Sunday Morning Afternoon

Ten Reasons for (not) writing:

  1. California is burning.
  2. Our white nationalist president is blaming California for the fires.
  3. There is a civil war going on in this country, and the right is better armed.
  4. Mass shootings r/t #3.
  5. Refugees walking hundreds of miles to be greeted by armed troops at the US border.
  6.  Initiative 1631 (a policy to combat climate change) failed to pass in Washington State, funded by big oil, so we may as well just prepare for the worst.
  7. It’s a big season for deaths. I attend deaths, hence, I’ve been busy.
  8. Prop 2 failed. No new library for Sequim, Washington. Property owners win.
  9.  Promises to keep.
  10. The new kitten is eating all of my plants and then taking naps on the keyboard.tyg on keyboard

 

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Sunday Morning from Moue to Musing

tyg.jpgIt’s been hard to keep up with blogging the past few weeks because of computer troubles, and a new kitty who got dehydrated and had to go back to the vet on Wednesday after her spay on Monday. And green eyesBo, who decidedly doesn’t want to share me with Tyg. And other annoyances.

I work as a nurse practitioner at a rural family medicine clinic. Although I call myself a poet, I have worked all of my adult life in the health care system. We had a staff retreat yesterday, which turned into an emotional event, changing (at least my own) irritation at having to go to a early meeting on Saturday morning to gratefulness that I have a job that matters and work with people who matter to me. It could have been a gripe session– as medical providers we are, of course, very privileged economically, and yet find plenty to gripe about in our work settings. So it was heartening to find that our strongest consensus concerned asking leadership to be more generous and more committed to our support staff– the nurses and medical assistants, the front desk and call center staff– without whom nothing would happen at the clinic. There has always been something family-like about working in health care, whether in the ER at Beth Israel Hospital in NYC; doing abortions in Tallahassee, Florida; providing care to HIV positive women in the South Bronx; or providing palliative care to trauma patients at Harborview in Seattle. There is the sense that we understand what’s at stake and therefore, are able to look beyond our differences and actually care about each other, take care of each other.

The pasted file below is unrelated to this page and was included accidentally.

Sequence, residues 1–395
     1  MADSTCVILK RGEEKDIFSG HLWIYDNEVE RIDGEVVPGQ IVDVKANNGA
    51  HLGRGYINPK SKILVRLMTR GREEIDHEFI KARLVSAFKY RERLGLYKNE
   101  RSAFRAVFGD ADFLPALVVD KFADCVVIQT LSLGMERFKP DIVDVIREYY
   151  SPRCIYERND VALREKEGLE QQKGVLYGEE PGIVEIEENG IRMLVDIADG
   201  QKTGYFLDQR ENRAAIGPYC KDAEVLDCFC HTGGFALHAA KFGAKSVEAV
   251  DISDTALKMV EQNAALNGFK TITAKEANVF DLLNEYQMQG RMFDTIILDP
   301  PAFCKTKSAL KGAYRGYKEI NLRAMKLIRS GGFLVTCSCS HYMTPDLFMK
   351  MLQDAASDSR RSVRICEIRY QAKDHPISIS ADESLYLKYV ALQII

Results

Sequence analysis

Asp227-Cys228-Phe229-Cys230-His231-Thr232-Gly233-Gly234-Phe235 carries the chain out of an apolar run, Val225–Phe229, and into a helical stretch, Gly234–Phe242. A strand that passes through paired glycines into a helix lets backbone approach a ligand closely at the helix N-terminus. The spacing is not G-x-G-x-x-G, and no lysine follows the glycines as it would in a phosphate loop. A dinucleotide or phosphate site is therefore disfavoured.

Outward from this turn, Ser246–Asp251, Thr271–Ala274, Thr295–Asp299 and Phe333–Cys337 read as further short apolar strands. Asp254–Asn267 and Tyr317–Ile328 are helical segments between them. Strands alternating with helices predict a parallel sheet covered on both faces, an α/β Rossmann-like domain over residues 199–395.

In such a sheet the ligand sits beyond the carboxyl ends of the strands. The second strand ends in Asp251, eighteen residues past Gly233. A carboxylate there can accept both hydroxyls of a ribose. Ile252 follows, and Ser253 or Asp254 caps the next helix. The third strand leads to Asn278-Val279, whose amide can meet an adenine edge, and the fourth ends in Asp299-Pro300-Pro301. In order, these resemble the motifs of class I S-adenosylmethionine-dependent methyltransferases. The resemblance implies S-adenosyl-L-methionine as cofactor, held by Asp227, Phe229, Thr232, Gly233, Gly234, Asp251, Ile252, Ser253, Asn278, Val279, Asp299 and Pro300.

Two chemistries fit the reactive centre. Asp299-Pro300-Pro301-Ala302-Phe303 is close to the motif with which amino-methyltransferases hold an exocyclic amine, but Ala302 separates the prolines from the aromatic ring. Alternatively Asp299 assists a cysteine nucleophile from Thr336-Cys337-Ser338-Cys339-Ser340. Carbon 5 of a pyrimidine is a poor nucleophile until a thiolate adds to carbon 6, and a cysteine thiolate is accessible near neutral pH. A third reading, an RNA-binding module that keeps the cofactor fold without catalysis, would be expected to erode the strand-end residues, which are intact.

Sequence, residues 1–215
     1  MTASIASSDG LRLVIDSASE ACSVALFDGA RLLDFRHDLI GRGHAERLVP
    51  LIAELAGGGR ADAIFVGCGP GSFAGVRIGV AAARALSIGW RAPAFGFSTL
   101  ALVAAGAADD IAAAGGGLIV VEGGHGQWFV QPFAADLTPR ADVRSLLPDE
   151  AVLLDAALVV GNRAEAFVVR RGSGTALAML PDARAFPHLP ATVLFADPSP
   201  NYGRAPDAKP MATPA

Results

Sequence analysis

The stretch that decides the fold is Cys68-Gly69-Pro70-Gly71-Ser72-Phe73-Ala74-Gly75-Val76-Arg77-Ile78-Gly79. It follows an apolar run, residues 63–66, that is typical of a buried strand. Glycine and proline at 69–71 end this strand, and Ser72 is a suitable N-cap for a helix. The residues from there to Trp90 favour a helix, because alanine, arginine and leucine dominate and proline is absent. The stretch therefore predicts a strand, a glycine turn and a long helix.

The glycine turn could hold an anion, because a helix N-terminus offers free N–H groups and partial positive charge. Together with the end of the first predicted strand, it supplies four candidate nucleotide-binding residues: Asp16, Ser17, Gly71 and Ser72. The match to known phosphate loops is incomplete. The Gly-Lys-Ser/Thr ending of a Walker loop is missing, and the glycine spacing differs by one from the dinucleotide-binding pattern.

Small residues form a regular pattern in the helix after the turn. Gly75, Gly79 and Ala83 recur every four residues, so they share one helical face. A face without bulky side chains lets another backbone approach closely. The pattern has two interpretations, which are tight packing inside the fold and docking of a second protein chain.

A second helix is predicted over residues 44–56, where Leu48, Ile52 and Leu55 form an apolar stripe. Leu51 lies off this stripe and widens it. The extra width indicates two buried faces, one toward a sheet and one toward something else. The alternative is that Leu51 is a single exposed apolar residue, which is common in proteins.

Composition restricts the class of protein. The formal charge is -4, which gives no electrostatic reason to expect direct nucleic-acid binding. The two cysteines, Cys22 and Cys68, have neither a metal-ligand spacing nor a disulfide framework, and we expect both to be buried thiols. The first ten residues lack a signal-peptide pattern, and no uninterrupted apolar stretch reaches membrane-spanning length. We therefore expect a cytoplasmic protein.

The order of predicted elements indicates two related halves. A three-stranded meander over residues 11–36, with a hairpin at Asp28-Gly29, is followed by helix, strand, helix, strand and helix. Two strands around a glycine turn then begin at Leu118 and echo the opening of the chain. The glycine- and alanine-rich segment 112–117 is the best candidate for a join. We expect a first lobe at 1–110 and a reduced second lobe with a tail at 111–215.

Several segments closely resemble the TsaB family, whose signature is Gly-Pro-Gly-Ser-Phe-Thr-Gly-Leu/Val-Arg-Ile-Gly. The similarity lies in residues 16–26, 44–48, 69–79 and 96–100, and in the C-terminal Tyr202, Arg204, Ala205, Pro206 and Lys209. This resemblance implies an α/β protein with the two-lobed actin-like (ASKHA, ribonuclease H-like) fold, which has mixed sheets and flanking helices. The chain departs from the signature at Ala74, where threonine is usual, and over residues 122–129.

So unlike the way the world seems to be working these days.

On the poetry front, I have a review of Robin Becker’s The Black Bear Inside Me up at the Rumpus.  

Here’s a teaser:

I seem to have a lot in common with poet Robin Becker, who recently released a new poetry collection, The Black Bear Inside Me. We are both Jewish lesbians, post-war baby boomers, raised in large East Coast cities (Becker in Philadelphia, me in Washington DC) who knowingly present with “East Coast Jewish” attitude. One difference: Becker is strikingly butch, and I lean femme.   

 

Things I think I know for sure: 

I'm voting against tyranny and hatred.
I'm working, at least until I retire, which I expect to do in 2020
    when I turn 70.
Poetry has saved my life. More than a few times. 

 

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Sunday Morning Musings